It was hinted at several times Monday. Even brought up in public comment, and tap-danced around in talk about proposed membership categories.
But the Nevada Interscholastic Activities Association Board of Control’s discussion about the public/private school debate, or more specifically what to do about Bishop Gorman, hasn’t come yet.
The topic likely will be raised after the board reconvenes at 8:30 a.m. Tuesday at The Orleans. But it’s a debate that won’t be resolved Tuesday.
“I don’t know that there’s much to discuss,” NIAA executive director Eddie Bonine said. “The subcommittee (that met on May 2) will give its report. The school district will give its report, but I just don’t see it being anything heated.
“I don’t see it being a conflict.”
On Monday, a Gorman alumnus read a short, prepared statement during the first round of public comment, but no one else in the sparsely attended meeting asked to speak.
“Faith Lutheran, Gorman, Bishop Manogue, as far as the record is concerned, they all have the same number of violations,” said Victor Perea, who added that he received tuition assistance but did not play sports while attending Gorman. “I’m not saying my alma mater has never done anything wrong. If there is a violation of rules or cheating, then absolutely it needs to be addressed.”
That was the extent of mentioning Bishop Gorman by name.
The board held off on approving an associate membership status, which was discussed mainly as a way to help smaller schools, especially new members, gain a sort of independent status as they build programs. Associate members would agree to not play for championships and would play a limited schedule against public and private schools.
NIAA legal counsel Paul Anderson appeared to hint at that status being used for another reason, either as a spot for Bishop Gorman or for the Clark County School District, should it decide it no longer wants to play Gorman.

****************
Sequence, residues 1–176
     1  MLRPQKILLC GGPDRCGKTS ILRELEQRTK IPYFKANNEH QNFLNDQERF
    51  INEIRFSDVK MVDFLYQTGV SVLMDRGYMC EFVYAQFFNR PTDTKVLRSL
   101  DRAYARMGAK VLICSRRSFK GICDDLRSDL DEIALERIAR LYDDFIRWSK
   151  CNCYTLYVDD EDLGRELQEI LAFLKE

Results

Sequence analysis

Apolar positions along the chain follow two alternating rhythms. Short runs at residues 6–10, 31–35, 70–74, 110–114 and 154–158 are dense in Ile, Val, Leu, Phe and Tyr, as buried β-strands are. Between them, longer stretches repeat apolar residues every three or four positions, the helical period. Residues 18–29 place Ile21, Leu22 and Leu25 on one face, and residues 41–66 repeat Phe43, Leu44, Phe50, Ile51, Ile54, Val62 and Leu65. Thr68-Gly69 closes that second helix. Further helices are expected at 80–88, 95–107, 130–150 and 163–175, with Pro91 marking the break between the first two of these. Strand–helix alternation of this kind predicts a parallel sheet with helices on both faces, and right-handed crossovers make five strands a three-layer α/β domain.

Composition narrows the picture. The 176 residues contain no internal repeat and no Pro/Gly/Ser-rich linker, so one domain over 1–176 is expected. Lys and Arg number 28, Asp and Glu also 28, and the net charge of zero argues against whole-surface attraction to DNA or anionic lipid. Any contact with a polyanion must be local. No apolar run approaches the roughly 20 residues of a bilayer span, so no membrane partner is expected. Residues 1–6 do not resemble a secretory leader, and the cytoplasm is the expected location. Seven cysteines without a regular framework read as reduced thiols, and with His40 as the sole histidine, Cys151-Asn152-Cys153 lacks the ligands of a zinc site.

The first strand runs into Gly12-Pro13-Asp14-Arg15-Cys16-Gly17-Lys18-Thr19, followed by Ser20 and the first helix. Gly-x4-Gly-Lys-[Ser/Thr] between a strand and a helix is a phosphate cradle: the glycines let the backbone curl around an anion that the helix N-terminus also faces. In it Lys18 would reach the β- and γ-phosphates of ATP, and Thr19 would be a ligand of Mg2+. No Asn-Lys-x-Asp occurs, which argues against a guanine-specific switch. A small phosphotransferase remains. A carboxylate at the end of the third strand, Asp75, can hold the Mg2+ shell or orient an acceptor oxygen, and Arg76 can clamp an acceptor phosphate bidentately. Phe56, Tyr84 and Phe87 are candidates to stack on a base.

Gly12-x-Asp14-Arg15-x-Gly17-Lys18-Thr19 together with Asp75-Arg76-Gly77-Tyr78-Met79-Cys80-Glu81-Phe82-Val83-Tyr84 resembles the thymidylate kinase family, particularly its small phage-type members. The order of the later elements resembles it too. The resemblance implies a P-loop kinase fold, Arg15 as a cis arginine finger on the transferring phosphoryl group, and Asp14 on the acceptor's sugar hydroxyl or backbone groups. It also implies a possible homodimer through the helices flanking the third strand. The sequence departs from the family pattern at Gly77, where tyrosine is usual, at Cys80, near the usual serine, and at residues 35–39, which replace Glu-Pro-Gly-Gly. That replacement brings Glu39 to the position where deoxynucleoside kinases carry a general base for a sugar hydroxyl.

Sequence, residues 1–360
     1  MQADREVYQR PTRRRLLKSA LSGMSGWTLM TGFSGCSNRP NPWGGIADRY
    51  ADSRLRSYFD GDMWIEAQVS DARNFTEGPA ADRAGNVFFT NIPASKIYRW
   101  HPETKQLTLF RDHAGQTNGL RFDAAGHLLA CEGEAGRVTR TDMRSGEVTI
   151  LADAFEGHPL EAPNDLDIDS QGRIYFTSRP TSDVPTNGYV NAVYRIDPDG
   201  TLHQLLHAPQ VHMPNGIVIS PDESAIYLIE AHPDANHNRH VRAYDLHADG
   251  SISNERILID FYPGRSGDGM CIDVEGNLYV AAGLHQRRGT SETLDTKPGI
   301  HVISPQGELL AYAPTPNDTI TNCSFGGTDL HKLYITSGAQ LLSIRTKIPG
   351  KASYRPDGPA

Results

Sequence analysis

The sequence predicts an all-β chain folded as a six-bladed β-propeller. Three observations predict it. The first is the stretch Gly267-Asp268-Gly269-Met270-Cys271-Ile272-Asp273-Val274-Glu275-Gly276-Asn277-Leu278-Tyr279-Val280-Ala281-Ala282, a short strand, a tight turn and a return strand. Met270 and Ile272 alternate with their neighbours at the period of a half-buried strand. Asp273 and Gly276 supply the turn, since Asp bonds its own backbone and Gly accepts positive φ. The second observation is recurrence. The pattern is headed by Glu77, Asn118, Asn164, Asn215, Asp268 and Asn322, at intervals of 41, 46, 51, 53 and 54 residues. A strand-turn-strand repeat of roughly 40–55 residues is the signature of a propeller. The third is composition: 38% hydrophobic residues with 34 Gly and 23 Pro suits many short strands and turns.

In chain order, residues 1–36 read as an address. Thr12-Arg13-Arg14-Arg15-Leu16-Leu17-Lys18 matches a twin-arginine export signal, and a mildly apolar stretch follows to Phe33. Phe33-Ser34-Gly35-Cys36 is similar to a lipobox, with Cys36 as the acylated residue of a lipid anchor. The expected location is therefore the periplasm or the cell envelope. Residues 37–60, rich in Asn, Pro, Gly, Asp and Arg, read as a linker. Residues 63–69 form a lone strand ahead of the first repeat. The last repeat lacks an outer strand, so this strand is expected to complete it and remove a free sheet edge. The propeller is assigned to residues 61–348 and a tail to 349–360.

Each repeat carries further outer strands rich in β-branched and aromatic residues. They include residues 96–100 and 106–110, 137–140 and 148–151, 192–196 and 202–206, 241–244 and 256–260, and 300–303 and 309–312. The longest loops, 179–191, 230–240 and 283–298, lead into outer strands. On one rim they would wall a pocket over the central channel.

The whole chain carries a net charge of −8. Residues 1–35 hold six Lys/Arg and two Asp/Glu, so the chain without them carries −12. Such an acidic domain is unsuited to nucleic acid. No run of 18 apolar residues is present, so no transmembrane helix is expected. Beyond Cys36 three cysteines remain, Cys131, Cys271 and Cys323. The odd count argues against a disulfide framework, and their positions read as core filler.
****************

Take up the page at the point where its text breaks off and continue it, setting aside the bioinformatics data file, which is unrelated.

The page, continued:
“I just believe that with the state of things at this time, it’s a divisive issue,” Anderson said. “It can be read to serve a different purpose, and that would be for a block of schools to no longer participate at the level they are now.”
The board asked for more specific language and asked that associate membership applications include the approval of principals and superintendent. It’s likely to be brought up again at the board’s next meeting in October.
“It brings a lot of latitude for a lot of different types of member schools,” said board member Ray Mathis, the CCSD’s executive athletic director. “We do need to do some additional language before we vote on it.”
FINDLAY IN — The Board approved a preparatory school membership which will eventually give Findlay Prep’s boys basketball team a home.
The membership specifies that the school will pay member dues, but not compete for league, region or state championships, not have Nevada residents on its team and have only high-school eligible players.
Findlay Prep, in turn, will get sanctioning from the National Federation of High Schools, which clears the team to play other NFHS schools around the country.
"We did this to assist them," said Anderson. "We did this for Findlay Prep, because it fits their model."
Findlay Prep basically has been an unofficial member, getting clearance to play a small handful of Nevada schools each year.
The membership status still must be approved by legislative council bureau before it becomes official.
MORE CHAMPIONSHIPS — The board also approved adding a handful of classification championships to coincide with the realignment that takes effect this season.
For a sport to have its own championship status, NIAA rules state there must be nine schools or teams competing in that sport in each class.
Boys volleyball will add a championship in Division I-A, though it has only eight schools. The championship was added on a two-year pilot basis.
"On a personal level, I just don’t think it’s fair to take these eight schools and say you’re going to play Division I. I know it’s eight, but I think it’s what’s right for schools," said CCSD athletic director Pam Sloan.
Bowling also will be added for Division I-A.
Girls golf will add a Division III championship, which will require qualifying.
Wrestling will add a Division IV championship.
Not approved, though, were championships in Division III boys and girls soccer and Division IV cross country.